Wordsworth House and Cockermouth

Earlier this month hubby and I went to have another look at the exhibition at Wordsworth House in Cockermouth. We also had a good look round the garden, which has recovered well from the floods of December 2015, due mostly to the hard work of the head gardener and her team. On a short tour of the house we learned some things which we hadn’t heard on a previous tour.

Afterwards we had a walk along the river, more or less retracing the route we had taken on a visit last year. The river was flowing quite quickly.

A day out in the Lake District (Part 3 Ash Landing)

On our way to Hill Top we had noticed a sign saying Ash Landing Nature Reserve. We decided to explore it on our way back. It is a National Trust property with a number of different habitats. There are signs with pictures of various species to look out for and additional information.

I noticed some flowers on an oak tree and stopped to take a photo. There was a rustling noise in the undergrowth. I waited quietly and was delighted to see a red squirrel. It ran across the path and disappeared. I continued along the path, heard another noise and spotted (presumably) the same red squirrel as it bounded under a fence and up the side of a field.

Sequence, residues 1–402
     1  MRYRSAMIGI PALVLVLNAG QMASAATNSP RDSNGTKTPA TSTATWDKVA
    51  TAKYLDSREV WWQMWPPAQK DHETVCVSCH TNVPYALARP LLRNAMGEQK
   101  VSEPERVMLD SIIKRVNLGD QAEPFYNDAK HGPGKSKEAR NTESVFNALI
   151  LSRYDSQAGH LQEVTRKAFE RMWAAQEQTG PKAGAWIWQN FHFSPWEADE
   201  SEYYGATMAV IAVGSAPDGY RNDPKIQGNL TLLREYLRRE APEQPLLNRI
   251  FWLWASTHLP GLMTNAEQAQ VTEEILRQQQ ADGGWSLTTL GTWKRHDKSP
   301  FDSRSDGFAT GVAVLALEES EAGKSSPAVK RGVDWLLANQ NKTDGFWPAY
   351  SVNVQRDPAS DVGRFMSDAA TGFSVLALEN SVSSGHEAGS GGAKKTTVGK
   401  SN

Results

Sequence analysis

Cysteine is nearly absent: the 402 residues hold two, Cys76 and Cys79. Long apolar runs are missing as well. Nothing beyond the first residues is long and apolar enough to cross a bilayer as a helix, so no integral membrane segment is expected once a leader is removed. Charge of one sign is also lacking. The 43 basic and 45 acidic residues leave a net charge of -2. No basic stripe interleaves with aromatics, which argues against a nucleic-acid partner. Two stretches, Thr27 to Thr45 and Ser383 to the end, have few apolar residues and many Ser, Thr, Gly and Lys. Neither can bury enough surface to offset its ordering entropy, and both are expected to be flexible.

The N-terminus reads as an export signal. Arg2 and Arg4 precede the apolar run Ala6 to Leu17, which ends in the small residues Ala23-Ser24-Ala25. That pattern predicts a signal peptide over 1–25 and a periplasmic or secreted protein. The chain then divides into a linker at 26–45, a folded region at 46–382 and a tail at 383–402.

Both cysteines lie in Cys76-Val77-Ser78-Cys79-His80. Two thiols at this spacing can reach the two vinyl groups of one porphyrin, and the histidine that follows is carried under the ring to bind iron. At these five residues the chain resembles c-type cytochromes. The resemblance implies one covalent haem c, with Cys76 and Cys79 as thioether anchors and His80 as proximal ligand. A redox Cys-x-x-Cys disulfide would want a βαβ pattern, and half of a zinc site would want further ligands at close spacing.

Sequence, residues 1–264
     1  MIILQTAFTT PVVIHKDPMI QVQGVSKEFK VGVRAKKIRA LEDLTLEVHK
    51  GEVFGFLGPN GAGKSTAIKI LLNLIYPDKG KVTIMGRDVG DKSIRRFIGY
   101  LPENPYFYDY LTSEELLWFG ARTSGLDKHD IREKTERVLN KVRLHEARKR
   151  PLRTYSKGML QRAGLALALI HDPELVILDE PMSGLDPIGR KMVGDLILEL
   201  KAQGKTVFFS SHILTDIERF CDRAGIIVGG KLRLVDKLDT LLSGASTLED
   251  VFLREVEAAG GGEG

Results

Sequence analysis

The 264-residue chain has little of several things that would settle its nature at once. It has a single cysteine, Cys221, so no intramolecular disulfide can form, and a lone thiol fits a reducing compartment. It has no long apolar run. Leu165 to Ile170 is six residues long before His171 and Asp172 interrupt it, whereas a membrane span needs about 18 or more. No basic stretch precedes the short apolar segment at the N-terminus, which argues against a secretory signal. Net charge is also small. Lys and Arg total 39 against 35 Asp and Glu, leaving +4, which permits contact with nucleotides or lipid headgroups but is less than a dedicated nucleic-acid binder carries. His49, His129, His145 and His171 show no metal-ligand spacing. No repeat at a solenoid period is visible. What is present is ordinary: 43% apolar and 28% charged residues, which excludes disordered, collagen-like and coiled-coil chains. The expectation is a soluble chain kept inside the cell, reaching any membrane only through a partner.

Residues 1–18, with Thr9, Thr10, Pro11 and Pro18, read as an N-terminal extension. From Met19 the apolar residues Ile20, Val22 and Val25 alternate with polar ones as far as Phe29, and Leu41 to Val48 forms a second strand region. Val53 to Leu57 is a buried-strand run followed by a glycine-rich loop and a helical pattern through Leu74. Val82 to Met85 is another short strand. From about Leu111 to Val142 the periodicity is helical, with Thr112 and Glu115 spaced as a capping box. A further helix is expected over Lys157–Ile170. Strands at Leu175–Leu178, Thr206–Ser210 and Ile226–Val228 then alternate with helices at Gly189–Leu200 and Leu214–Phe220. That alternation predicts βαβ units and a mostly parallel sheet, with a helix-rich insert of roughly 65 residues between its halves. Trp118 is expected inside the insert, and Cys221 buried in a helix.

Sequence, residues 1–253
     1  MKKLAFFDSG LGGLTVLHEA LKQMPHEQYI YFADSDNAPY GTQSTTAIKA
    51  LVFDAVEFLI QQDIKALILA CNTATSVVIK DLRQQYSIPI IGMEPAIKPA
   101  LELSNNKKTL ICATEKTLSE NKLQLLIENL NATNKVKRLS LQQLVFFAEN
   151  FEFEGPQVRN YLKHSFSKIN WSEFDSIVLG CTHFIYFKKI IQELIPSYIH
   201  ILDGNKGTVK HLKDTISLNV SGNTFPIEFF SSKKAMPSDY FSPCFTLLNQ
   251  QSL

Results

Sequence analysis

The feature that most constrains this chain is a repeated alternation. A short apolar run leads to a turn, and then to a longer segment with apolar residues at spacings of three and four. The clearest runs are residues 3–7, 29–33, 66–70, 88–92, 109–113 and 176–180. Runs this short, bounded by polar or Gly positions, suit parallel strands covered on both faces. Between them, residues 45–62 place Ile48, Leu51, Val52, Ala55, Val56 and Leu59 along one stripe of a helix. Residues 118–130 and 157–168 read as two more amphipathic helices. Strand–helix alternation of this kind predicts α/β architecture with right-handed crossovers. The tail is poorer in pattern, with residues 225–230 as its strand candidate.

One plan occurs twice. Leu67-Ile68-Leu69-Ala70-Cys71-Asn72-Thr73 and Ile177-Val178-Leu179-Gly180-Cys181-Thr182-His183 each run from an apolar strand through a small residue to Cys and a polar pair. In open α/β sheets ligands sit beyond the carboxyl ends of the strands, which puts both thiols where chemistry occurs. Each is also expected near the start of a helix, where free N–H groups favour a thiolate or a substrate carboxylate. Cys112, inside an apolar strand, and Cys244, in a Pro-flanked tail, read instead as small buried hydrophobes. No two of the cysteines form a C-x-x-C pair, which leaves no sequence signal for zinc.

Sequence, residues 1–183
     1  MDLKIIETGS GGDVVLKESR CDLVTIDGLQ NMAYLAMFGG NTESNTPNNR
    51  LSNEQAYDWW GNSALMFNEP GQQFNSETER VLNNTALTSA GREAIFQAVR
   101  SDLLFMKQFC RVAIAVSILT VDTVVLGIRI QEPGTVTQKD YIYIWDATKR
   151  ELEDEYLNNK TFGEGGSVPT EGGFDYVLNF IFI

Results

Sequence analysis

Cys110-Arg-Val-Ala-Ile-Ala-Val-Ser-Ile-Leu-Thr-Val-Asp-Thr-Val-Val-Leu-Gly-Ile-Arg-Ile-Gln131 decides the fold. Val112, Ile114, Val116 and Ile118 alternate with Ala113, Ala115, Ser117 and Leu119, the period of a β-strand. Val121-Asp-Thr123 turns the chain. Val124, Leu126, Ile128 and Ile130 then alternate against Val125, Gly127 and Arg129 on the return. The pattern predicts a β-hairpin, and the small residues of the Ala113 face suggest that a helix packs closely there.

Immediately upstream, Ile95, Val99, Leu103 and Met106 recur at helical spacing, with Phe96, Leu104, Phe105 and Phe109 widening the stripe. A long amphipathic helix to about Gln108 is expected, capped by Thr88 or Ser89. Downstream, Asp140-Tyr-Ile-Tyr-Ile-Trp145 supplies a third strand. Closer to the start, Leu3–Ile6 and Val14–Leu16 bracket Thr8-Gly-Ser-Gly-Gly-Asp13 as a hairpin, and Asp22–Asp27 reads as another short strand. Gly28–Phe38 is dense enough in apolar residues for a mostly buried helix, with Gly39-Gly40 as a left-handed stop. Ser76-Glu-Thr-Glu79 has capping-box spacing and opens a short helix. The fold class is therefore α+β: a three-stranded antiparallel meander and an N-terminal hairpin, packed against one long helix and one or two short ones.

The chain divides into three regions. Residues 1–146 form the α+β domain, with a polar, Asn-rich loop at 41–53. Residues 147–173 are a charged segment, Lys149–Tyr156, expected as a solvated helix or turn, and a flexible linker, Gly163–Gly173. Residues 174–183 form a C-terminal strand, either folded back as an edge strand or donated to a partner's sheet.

There was plenty of bird song, but the birds were hard to spot. I saw a robin!

A Walk on Mothering Sunday

I am linking this post to the Daily Post’s photo challenge, It is easy being green.

The king cups are just coming into bloom in the wildflower garden, which is open to the public. Last year’s growth of tall annual stems has recently been strimmed. There is new growth appearing among the remaining dead stuff.

The pond is covered in green weed. Iris leaves are a different shade of green. Celandine flowers are yellow in the speckled sunlight. Ivy on the wall makes dark patches, which at first sight could be mistaken for gaps.

On the beach there were pools left by the tide. Seaweed in various shades of green and brown could be seen.

I also took two photos of a cautionary nature. Cliffs are battered by wind and waves in stormy weather. There is a footpath along the top of the cliffs. Anyone straying from it for a better view would not be able to see where the overhang begins. The grassy edge of the cliff is unsupported. The final photo has no green. The boulders on the beach originated much higher on the cliffs. As the sandy soil has been washed away, huge stones have fallen from various heights. Can you see the large white stone high up? I don’t know when it will fall to join the others below it. Cliff edges are dangerous, both from above and from below.